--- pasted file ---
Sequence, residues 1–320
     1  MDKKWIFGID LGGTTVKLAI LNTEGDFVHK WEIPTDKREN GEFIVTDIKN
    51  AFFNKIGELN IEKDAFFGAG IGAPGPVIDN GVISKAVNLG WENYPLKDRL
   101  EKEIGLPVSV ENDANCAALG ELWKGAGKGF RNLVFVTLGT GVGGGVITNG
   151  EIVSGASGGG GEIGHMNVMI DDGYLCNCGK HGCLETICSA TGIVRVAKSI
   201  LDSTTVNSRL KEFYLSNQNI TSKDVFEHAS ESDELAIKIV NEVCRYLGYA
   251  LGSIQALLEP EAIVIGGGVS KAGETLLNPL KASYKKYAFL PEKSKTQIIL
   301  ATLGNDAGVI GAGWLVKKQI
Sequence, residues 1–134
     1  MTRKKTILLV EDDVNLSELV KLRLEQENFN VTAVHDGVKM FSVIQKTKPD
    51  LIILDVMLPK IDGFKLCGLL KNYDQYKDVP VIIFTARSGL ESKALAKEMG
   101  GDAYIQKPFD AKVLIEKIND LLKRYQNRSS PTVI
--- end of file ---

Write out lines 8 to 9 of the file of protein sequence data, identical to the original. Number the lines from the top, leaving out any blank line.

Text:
   301  ATLGNDAGVI GAGWLVKKQI
Sequence, residues 1–134